Where:

  • MA[i] is the moving average for the i_{t h} window of k elements.
  • x[i] is the i_{t h} element of the data series.

The formula for standard deviation is as follows:

    \[SD[i]=\sqrt{\frac{(x[i]-m)^2+(x[i-1]-m)^2+\cdots+(x[i-k+1]-m)^2}{K}}\]

Where:

  • SD[i] is the standard deviation for the i_{t h} window of k elements.
  • m is the mean of the k elements in the window.
  • x[i] is the i_{t h} element of the data series.

When a new data point is added, the window shifts one data point to cover it and the moving average and standard deviation are updated.

The threshold value for marking a data point as an outlier can be chosen based on the desired level of sensitivity and false positive rate. A common choice for the threshold value is 3, which corresponds to a Z-score of 3 standard deviations away from the mean.

3.2. An Example

In this example, we have a time series of 5 elements, which means 5 observations or data points with the values of [4.6, 5.0, 4.4, 4.9, 5.4] have been passed. At the current time step, a new entry with the value of 4.8 is added. We want to see if this entry is an outlier or not.

First, we need to calculate the moving average and standard deviation of the window of the last k elements. We consider k=3, therefore we have:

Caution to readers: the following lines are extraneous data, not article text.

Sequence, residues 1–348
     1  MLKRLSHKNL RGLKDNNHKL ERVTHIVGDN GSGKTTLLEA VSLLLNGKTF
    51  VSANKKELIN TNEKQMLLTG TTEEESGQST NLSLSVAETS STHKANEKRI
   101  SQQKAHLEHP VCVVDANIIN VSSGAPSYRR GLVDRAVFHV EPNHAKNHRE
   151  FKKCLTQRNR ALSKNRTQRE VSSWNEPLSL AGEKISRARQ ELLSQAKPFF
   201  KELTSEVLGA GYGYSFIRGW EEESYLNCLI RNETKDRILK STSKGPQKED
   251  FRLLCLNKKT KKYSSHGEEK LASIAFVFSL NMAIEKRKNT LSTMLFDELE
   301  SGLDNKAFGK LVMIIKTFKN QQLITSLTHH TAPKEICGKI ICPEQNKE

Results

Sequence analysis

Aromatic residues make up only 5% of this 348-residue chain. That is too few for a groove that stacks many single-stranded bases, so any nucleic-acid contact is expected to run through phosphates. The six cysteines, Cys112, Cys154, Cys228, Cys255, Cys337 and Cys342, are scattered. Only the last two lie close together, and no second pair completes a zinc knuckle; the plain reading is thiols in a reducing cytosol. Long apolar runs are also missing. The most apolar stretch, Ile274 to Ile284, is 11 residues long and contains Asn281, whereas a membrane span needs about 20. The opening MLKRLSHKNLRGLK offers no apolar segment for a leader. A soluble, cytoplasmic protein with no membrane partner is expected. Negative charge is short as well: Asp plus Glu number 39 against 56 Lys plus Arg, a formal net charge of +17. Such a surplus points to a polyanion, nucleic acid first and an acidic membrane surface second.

\[MovingAverage=\frac{4.4+4.9+5.4}{3}=4.9\]

    \[Standard Deviation=\sqrt{\frac{(4.4-4.9)^2+(4.9-4.9)^2+(5.4-4.9)^2}{3}}=0.408\]

now we calculate the Z-score for the first new data point, 4.8:

    \[Z_{\text {score }}=\left|\frac{4.8-4.9}{0.408}\right|=0.0408\]

We consider an entry as an outlier if the Z-score is above 3, which is not the case for the entry of 4.8 so this entry is not an outlier.

Now, we add another new entry with the value of 6 at the next time step. Let’s check to see if this entry is an outlier or not. First, we calculate the updated moving average and standard deviation.

    \[MovingAverage=\frac{4.9+5.4+4.8}{3}=5.03\]

    \[StandardDeviation=\sqrt{\frac{(4.9-5.03)^2+(5.4-5.03)^2+(4.8-5.03)^2}{3}}=0.262\]

now we calculate the Z-score for the next new data point, 6:

    \[Z_{\text {score }}=\left|\frac{6-5.03}{0.262}\right|=3.7\]

Since the Z-score is above 3, we can call the new entry an outlier. The below figure shows the process for these two new entries:

two new entries

3.3. An Alternative for Standard Deviation in MZS

Median Absolute Deviation (MAD) is an alternative to the standard deviation for calculating the dispersion of a dataset. Instead of using the standard deviation, which is sensitive to outliers, MZS uses the MAD in its calculation. MAD is a measure of the variability of a dataset based on the median of the absolute deviations from the median of the data.

The formula for MZS using MAD instead of standard deviation is as follows:

    \[Z_{\text {score }}=\left|\frac{0.6745*(x-median(x))}{MAD}\right|\]

Where:

  • x is a data point.
  • median(x) is the median of the window.
  • MAD is calculated as:

    \[MAD = median(|x - median(x)|)\]

The factor 0.6745 is a scaling factor that makes MZS comparable to the standard deviation for normally distributed data.

To see how it works, we’ll calculate the MZS by MAD for the new entry 4.8 in the previous example. The median of the window [4.4, 4.9, 5.4] is 4.9. To calculate the MAD, we first calculate the absolute deviations from the median: